Jeremy Kelly, National Director, Global Research at Jones Lang LaSalle, said: "While steady progress in real estate transparency has been made during the past two years, much still needs to be done. The pace of regulatory and legal reform has been slow, and we have seen limited improvement on the transparency of transaction processes, despite recognition by government and industry bodies that transparent real estate markets are necessary."
Kelly cited four main forces that are expected to drive further progress in transparency through the next update in 2014:
The growing recognition in many emerging economies that the current lack of performance indicators and accurate market information is hindering inward investment and hampering the development of competitive domestic real estate sectors.
The ongoing credit and sovereign wealth crises, particularly in Europe, will motivate regulators, central banks, foreign investors and other real estate professionals towards better transparency, in the process offering more public data on real estate debt and monitoring lenders more closely.
As recent corruption scandals come to light (often involving the permit process for commercial real estate development), governments will pay closer attention to the circumstances that engender under-the-table payments.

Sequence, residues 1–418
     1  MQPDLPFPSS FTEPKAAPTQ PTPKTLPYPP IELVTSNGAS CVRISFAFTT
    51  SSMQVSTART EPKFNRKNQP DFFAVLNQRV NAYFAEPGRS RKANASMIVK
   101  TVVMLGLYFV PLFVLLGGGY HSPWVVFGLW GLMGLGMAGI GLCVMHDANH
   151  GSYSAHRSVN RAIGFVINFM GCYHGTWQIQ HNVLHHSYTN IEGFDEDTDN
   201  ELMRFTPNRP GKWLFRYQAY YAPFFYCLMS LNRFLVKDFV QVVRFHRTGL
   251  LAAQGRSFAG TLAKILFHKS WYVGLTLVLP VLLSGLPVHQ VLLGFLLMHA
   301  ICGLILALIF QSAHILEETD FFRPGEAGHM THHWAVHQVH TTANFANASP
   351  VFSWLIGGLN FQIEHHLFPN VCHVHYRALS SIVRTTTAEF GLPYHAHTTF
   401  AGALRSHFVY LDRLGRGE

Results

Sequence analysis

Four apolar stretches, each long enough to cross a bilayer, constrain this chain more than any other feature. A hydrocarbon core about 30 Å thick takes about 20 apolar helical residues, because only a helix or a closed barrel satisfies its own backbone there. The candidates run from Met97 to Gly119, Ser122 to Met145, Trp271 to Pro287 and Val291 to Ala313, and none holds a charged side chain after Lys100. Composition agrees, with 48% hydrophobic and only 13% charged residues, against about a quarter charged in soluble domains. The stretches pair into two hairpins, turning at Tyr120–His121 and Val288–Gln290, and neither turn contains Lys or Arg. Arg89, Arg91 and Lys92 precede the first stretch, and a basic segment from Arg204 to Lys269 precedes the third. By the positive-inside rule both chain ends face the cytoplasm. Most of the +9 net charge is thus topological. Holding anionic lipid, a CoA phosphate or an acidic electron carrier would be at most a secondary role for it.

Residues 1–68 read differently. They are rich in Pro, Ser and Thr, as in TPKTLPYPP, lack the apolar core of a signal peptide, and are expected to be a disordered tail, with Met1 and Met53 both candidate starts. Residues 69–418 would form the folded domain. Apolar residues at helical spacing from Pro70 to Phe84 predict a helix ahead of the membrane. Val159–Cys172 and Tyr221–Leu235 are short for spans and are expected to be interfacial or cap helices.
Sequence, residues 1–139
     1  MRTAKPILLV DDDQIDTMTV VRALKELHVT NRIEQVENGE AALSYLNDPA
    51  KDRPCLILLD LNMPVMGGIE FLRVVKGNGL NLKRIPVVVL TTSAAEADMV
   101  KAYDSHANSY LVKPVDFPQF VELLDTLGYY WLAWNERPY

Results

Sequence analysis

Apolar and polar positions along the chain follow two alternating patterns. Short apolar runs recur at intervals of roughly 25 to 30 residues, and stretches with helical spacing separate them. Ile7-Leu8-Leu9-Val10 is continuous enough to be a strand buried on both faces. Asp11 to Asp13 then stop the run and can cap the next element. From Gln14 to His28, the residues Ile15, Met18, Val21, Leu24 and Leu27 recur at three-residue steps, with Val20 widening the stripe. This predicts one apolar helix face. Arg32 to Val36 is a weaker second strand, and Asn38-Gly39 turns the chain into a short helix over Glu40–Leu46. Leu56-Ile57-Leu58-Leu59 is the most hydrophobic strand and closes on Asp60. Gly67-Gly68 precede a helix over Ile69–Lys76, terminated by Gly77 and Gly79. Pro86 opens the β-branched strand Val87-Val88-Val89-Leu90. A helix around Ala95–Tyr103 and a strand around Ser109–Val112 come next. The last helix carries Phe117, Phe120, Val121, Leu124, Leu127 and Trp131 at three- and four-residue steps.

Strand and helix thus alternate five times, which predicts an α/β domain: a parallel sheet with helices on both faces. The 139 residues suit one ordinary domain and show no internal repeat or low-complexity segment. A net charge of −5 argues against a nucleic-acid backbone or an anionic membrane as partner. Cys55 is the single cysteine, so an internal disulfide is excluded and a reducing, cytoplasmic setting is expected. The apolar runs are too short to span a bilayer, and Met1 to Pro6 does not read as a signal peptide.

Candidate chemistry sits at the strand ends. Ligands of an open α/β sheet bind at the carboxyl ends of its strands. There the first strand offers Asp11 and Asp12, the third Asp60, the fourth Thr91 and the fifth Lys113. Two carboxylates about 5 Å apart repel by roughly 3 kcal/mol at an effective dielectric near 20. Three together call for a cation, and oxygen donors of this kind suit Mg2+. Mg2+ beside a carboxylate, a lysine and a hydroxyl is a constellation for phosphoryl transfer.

The role of properties' sustainability characteristics will play an increasing role in leasing and investment decisions, growing from a marginal criterion to a critical decision-making input. Such concerns will force greater transparency of energy efficiency and Green Building benchmarking.
In recognition of the increasing relevance of environmental sustainability in real estate decisions, the 2012 Index now includes a separate Real Estate Sustainability Transparency Index for a sub-set of 28 countries, covering issues such as energy efficiency benchmarking and green building rating systems. The United Kingdom, Australia and France have emerged as the most transparent markets in terms of real estate sustainability.
The 2012 results also reaffirm the relationship between real estate investment volumes and transparency. Rising levels of transparency are associated with higher levels of foreign direct real estate investment, a powerful incentive for encouraging the free flow of information as well as the fair and consistent application of local property laws.
The world's fastest-growing direct commercial real estate investment markets during the past two years - such as Brazil, Turkey, Indonesia and Vietnam - are all among the world's top 10 transparency improvers.
The 2012 Index shows that debt transparency, which is highly relevant to international investors, has improved modestly since 2010. Data on outstanding debt and capital flows - which helps investors and corporate occupiers better assess risks in markets where they operate - increased in 11 markets and regulators improved their oversight of commercial real estate lending in 15 markets.
Canada, Australia, the United States, the UK and France continue to lead in data availability and regulatory oversight. Germany and Japan, however, still lack a detailed debt data series that extends over five years.